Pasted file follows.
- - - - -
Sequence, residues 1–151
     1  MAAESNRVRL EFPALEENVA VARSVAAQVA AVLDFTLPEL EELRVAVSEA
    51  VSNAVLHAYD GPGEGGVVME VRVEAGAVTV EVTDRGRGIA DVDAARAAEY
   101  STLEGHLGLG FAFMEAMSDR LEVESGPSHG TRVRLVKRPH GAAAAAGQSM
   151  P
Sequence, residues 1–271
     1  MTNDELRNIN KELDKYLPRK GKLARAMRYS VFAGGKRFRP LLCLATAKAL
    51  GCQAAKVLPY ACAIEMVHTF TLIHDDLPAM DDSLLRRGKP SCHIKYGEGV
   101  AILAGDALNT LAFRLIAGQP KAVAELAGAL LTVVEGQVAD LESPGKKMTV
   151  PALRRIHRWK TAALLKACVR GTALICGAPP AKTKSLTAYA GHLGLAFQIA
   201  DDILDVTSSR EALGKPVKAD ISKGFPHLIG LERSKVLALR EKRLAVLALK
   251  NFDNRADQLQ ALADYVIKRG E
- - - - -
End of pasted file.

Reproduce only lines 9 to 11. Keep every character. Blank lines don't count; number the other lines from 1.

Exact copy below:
   101  AILAGDALNT LAFRLIAGQP KAVAELAGAL LTVVEGQVAD LESPGKKMTV
   151  PALRRIHRWK TAALLKACVR GTALICGAPP AKTKSLTAYA GHLGLAFQIA
   201  DDILDVTSSR EALGKPVKAD ISKGFPHLIG LERSKVLALR EKRLAVLALK